Tuesday, December 29, 2009

Coq Au Vin

Magnus has had a strong strong urge to make coq au vin for a while now. He found a place in town that sells good quality capons as well, so it was going to be a full on authentic coq au vin...I was willing to supply the wine (my Dad makes it and keeps me well stocked) and space as a good excuse to get together over the holidays and make yummy food.
I admit to knowing little about coq au vin...I thought it involved cocoa somehow and was completely uninterested until I heard it was mainly poultry slow cooked in wine and spices. THAT I can get into :)

So, yeah...Coq au vin day was the 27th. Magnus arrived, with capon and we began the elaborate's what we did:

First off, the ingredients:
~1 1/2 bottles of red wine (thanks Dad!)
15 baby carrots
1 white onion coarsely chopped
12 pearl onions
3 celery stalks, coarsely chopped
~ 1/2 c walnuts, crushed up
4 cloves garlic, crushed
~1 T thyme (called for 6 sprigs fresh but we couldn't get any)
1 bay leaf
~1 T sage ( fresh stuff to be found)
1 25 Lb capon, cut up into 8 pieces.
5 T butter
12 ounces large mushrooms, quartered (mix of oyster, crimini and white)
4 bacon slices, chopped + 6 cubes of prosciutto fat
vegetable oil
1 1/2 cups Port (again, thanks Dad!)
2 T flour and some cornstarch

While marinading the bird in the wine, we cooked the pearl onions in pot of boiling salted water 3 minutes, then drained and peeled them. Then we melted 3 tablespoons butter and added the pearl onions, some garlic and mushrooms and sauteed until mushrooms were tender, about 10 minutes, and put them aside. In the same pan, we then sauteed the bacon and fat cubes and sauteed until brown and crisp and put them on paper towel to drain. We then sauteed the walnuts and celery for ~ 5 minutes in come of the bacon fat and set aside, saving a bit of the bacon fat. (mmm...bacon fat)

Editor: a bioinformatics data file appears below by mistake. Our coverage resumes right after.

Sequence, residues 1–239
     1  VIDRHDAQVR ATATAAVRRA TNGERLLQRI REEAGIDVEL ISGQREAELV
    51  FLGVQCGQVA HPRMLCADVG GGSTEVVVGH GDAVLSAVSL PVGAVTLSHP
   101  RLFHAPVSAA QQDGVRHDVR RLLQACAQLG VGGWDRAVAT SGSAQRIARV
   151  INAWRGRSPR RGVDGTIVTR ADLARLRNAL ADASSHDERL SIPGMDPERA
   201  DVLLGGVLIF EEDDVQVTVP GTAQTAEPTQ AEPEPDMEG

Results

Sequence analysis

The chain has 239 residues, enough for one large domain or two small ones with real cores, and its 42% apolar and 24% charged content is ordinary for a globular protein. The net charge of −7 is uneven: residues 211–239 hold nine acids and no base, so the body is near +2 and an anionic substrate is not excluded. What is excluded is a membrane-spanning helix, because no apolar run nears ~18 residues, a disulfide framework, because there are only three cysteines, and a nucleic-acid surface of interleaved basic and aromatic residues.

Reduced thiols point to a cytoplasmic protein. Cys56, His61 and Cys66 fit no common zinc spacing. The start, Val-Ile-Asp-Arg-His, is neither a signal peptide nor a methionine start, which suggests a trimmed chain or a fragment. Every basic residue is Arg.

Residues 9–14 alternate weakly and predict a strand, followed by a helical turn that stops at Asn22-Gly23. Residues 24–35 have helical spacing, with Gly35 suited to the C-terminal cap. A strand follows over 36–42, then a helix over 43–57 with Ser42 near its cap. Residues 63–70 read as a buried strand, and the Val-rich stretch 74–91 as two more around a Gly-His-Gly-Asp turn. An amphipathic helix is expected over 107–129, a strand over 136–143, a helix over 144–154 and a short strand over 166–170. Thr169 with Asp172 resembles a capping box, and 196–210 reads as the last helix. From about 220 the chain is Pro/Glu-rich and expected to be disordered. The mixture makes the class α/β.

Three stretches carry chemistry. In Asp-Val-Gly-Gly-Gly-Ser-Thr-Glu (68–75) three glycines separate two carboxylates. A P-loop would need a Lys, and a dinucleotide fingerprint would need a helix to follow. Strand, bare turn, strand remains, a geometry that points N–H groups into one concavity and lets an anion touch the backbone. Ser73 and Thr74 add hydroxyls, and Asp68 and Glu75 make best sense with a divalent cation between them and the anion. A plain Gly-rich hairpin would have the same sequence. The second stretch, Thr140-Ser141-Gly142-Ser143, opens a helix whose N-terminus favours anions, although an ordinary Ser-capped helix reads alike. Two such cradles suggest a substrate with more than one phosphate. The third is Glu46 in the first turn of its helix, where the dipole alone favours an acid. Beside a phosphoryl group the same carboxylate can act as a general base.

We transferred the bird with tongs onto a cookie sheet and brushed with the bacon fat and added salt and pepper and reserved the marinade. We then broiled the bird, flipping half way through, until it was all brown and crispy on the outside, instead of trying to brown it in a skillet on the stove...there was just too much bird! We then put the marinade into a dutch oven and then brought it to a boil, adding the bird to it, along with the white onion, carrots and and most of the walnuts and celery and garlic. We reduced the heat and simmered uncovered until chicken is very tender, about 1 hour 15 minutes (turning the pieces occasionally).

We removed the meat and saved the cooking liquid, setting the bird aside. We strained out the veggies in there and then returned the liquid to pot, added the port and brought it to a boil. We mixed melted butter and flour together and added it to the liquid to thicken it (and used a bit of cornstarch and water too to get it a bit thicker). We let it boil lightly over medium heat for ~ 15 minutes until the sauce thickened. Then we returned the capon to the pot and added the pearl onions and sauteed mushrooms, bacon and celery and walnuts. We let it all simmer until it was heated through and the flavour had a chance to blend together - about 15 minutes.

While this was going on, I had the bread robot making some cheddar beer bread. I also steamed up some asparagus, and made some nicely oven roasted baby potatoes with peppers, onions and some fresh herbs to go with it...and viola!

It was a lot of work...I personally would modify it and use chicken breasts and more herbs, but for a first jaunt into french obscure cuisine - I gotta say. This was top notch.
Yes...well done everyone. :)


grapecat said...

how can you get asparagus but not fresh thyme/sage??

grapecat said...

sorry - and looks lovely of course!! mouth watering :)

Tom Bailey said...

This looks great I would only have to substitue only one or two things. It makes my mouth water to see the picture.

I hope you had a great new years!

Tom Bailey

Geosomin said...

They were all out...very odd. I think the whole city wanted fresh sage for christmas dinner...

Magnus said...

Thanks Geo, I seem to be unable to write these days. You have given the people far more than I would have. Great photo too.

Magnus said...

Also, I should add that while chicken can be used, cooking the bird on the bone provides flavour that would most certainly be missing with breast meat alone. Coq au vin calls for the bird to be butchered into sections, 6-8 as I recall.
The advantage of capons are that they are more flavourful (roast one sometime, I should post up about my roast capon) and are far meatier, providing for more meals. I still have capon wrapped up n my freezer for future use.
The left overs were spectacular. I have saved the sauce in two zip lock bads and intend to use it with chicken legs in the future.

Magnus said...

The mushroom mix also had portobella and lobster mushrooms.